Social Networking and Multicultural Guilds

Since I live in the UK and play on European servers, I’m used to guild members being from a multitude of countries. It’s quite a nice experience, actually – especially for someone from the US, where you may occasionally play with Australians or Canadians, but that’s usually as exotic as it gets.

In my Warcraft guild, we have people from all over – our guild leader is Spanish, there are people from Poland and the Netherlands, Portugal, Andorra, Turkey, Croatia, Sweden, and so on and so on…plus the odd Russian or French player who opted to stay with friends rather than piss off to those servers when they opened. Everyone has an interesting accent but they all speak and write almost perfect English (which makes me feel positively illiterate, with my one language and a few remnants of high school Spanish).

We have to plan raids around a variety of holidays, and discussions of things like Christmas traditions are fascinating. Part of the criteria for joining the guild is the ability to speak and write English to an understandable level, and having conversations in one’s own language in guildchat is considered to be rude. A shared language is important.

However, that connection doesn’t seem to carry over very easily to sites like Facebook. It makes sense, as most people have family, work friends and real-life friends on their social networks, and of course you would communicate in your home language in those areas. Add in good friends from the guild, however, and it turns into an online Tower of Babel – you have friends posting things that you can’t understand or share in.

It’s a shame, really. Most people are tending to narrow their focus down to less networking sites, as people abandon MySpace and Bebo and concentrate on sites like Facebook. Twitter exists, as do blogging – but those can be integrated into your network of choice. This is why separate gaming networks where you can share personal updates with guildmembers aren’t the best idea – too scattered. Translation tools would be useful, however – our social networking tools need to adapt and become more useful globally.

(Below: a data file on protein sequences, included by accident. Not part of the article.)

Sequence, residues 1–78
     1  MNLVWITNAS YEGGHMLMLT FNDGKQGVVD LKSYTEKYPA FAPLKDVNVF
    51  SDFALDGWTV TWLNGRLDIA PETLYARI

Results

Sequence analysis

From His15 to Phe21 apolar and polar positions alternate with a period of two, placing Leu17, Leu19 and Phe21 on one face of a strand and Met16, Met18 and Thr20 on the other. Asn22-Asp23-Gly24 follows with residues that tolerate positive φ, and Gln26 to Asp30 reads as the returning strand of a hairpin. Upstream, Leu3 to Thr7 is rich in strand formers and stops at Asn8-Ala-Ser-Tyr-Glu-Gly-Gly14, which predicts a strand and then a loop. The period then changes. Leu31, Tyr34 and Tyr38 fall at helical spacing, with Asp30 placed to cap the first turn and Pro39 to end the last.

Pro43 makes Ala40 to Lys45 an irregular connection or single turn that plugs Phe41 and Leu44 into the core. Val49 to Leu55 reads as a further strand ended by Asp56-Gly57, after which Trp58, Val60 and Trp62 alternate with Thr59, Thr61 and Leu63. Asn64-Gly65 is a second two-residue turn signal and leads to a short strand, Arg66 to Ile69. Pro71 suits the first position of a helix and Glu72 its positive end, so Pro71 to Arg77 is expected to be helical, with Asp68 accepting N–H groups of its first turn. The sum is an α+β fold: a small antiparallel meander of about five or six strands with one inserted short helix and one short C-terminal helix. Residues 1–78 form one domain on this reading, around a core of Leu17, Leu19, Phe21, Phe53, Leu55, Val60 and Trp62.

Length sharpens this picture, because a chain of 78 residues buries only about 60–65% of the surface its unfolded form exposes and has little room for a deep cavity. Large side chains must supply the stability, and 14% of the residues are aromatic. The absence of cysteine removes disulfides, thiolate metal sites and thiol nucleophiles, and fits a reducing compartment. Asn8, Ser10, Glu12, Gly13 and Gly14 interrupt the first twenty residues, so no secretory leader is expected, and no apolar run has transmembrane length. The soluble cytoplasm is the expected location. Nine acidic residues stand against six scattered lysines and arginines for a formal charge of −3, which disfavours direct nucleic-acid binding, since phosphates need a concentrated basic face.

That’s what I would like to see – a Babelfish type of translation tool for Facebook, so that the one part of my life that is not connected can be. I wouldn’t add most of the guild, to be honest…but there are some that I have on my friends list, or would like to.

I just haven’t the faintest damn idea what they’re posting about.¬† :D

2 thoughts on “Social Networking and Multicultural Guilds”

  1. MMO’s are in a minority, from the point of view of different languages and cultures. Most people end up playing on English speaking realms because they know it’s the best place for the largest numbers. I think that given the choice people would stick to their own language realms.

    If you look closely at the names of places not only in your post but generally in say WoW you will notice France and Germany most notably missing. They have a large population of gaming cultured people and they tend to stick to the realms in their language.

    Ok so most of what I am saying is taken from experience and can probably be dismissed in seconds, but when you stop and think about it, generalising aside, for the most part, people tend to stick with people that speak their own language naturally and only break the rule/mould when they see it as beneficial.

  2. Of course, we’d all like to communicate in our own language – given my extremely limited language skills, I’m just lucky that the common language here tends to be English, or I wouldn’t talk to anyone! :D But I have made very good friends in game, and adding them on Facebook just doesn’t work…which is why a translation tool would be pure win. Part of my life does tend to be lived online, which is why those game friends are oftentimes better, deeper friends than people I know from work.

Leave a Comment

Your email address will not be published. Required fields are marked *